Street. Louis – Jean SeguraHis career spanned 11 seasons and 1,328 games before finally hitting the post-season, the longest active streak in the major leagues. On the morning of his first playoff game, the second Philadelphia Phillies captain didn’t sleep. I woke up at 7 a.m. “and the adrenaline was in my body.” Worn on Friday, that edge never left.
“I was mentally focused on every game and every stadium,” Segura said. “I came today ready to play a game, to be able to be here – just thank God that everything was on my side.”
With the Phillies down, bases loaded, one at the top of the ninth and St. Louis Cardinals scrambling to replace the injured closest, Segura snuck past slightly towed ground, painted two tracks and pushed the Phillies to an improbable 6-3 win in the opening game of the Better Wild Card series. Among the three, which puts them on the cusp of progression in the National League Championship Series.
The Cardinals are backed by excellent performance from Jose Quintana Homer electrified by Juan Ypez, led 2-0 before the final half and had every reason to believe that they were heading towards winning the first game. They were at home, with the crowd at Busch Stadium in a frenzy, their lights closer, Ryan HillsleyIt was on the hill.
What followed tense naivety.
The Cardinals were 93-0 in post-season history when they were leading several runs entering the ninth inning. Meanwhile, Velez was 0-54 during the regular season in the same situation. They ended up scoring six goals – the most with a team behind in ninth place in post-season history. None of their runs came on hard contact. Alec Boom It was covered with loaded bases, Brandon March Collided with a helicopter that wore off a glove Nolan ArenadoAnd the Kyle Schwarber Produce fly by fly and Bryson Stott Brought in running after Paul Goldschmidt He did a diving play on his surgeon but was thrown home too late.
The biggest runs came from Segura’s racket, which rushed toward and away from a low slide Andre Balant And hit four hopper on the right side who slipped through the sprawling tommy addiction, who was playing around a bit to calculate Segura’s speed. The Cardinals had a pitcher against the hitter and had a hammer that could produce a double at the end of the game – but it was hit too far on the right.
“That’s just kind of the way the run went,” Arenado said. “She wasn’t going our way.”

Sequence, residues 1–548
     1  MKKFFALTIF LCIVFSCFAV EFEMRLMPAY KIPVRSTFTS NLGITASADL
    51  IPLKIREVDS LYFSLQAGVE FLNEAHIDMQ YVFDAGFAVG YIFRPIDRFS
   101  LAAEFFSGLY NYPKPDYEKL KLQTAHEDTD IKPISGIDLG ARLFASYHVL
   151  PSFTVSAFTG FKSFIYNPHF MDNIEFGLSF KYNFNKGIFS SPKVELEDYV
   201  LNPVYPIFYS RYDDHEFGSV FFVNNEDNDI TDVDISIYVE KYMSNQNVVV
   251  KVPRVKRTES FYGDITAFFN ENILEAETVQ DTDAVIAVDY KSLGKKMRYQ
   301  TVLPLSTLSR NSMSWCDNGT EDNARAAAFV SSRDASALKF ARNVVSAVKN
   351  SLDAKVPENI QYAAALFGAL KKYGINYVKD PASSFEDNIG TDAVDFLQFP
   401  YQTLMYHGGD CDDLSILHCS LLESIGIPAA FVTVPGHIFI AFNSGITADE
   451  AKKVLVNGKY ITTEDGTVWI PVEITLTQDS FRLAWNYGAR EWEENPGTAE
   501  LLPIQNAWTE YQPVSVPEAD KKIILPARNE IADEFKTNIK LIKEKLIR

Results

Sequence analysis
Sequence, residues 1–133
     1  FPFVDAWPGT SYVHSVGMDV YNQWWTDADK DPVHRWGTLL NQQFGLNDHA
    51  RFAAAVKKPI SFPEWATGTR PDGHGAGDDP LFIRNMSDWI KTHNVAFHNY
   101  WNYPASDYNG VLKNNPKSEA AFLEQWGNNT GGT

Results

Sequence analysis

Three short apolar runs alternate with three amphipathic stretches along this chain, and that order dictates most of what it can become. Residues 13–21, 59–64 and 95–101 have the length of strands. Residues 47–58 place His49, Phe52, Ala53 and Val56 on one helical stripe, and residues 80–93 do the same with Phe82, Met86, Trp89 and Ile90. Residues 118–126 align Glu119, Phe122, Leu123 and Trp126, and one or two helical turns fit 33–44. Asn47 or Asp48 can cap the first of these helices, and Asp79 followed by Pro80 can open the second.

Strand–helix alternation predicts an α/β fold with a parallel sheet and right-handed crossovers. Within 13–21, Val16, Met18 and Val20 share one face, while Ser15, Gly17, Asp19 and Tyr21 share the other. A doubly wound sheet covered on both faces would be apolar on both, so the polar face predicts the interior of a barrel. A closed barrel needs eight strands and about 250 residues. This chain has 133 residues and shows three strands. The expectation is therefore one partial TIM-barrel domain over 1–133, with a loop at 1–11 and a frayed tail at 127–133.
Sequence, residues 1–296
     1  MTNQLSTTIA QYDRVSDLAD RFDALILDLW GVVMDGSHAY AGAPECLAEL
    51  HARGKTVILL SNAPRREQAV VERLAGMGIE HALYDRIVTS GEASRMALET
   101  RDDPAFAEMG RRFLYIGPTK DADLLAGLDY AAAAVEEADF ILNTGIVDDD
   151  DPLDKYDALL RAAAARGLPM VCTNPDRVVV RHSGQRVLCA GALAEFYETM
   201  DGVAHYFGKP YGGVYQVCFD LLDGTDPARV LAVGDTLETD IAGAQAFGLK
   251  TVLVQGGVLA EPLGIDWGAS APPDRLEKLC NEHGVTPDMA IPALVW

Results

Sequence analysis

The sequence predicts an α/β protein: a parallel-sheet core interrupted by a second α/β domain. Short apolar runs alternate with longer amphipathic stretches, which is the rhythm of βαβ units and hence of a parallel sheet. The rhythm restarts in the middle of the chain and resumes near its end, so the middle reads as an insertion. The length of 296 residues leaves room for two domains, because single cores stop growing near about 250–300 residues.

And it all seemed to stem from Helsley’s right middle finger, the finger that froze while collecting himself for a field game in the penultimate game of the regular season. Helsley threw some pitches from the hill during Thursday’s practice, and although he admitted his finger is feeling a little stiff, he told the Cardinals he would be willing to close matches in the post-season.
Cardinals manager Oliver Marmol turned one-and-one Helsley into eighth and watched him do quick work for Marsh and Schwarber. Shortly after the ninth inning started, Marmol said Helsley was “starting to lose a little sense of his playing field.”
Helsley, who this season has emerged as one of the sport’s most dominant players, started to miss the strike zone and eventually threw just nine of his 23 pitches into the ninth net. JT Realmoto Contribute a single, then Bryce Harper And the Nick Castellanos He plotted successive walks, the latter on pitches that were either up, in, down, or out. At this point, the Cardinals had Palanti and Jack Flaherty Warming in bulls. Boom would be Helsley’s last hitter – and Helsley hits him on the left shoulder with a 101 mph fastball.
After throwing the warm-up court nicely outside, Helsley walked out, then left Busch Stadium to shoot his pesky finger.
It may be lost for the sake of the series.
“We’ve had guys going up all year,” Marmol said. “If it goes down, someone else has to come up and do the job, so it’s part of it. Nobody will feel sorry for us, I’ll tell you.”
Friday’s Day 9 top marks the only half inning in baseball this season in which the team allowed at least six winning runs with three or fewer hits, with no additional base hits allowed, according to ESPN Stats & Information research. There have now been five games in post-season history in which the team led twice or more after the eighth inning has lost two or more times – and the Cardinal was involved in three of those. It was the first time Phillies had scored six or more runs on any postseason tour.
They chose the perfect time.
“This was probably the most exciting run I’ve ever been a part of,” Realmuto said of the top of the ninth. “And it didn’t even take a big tour at home. The momentum was there for us and several players got on when they needed to.”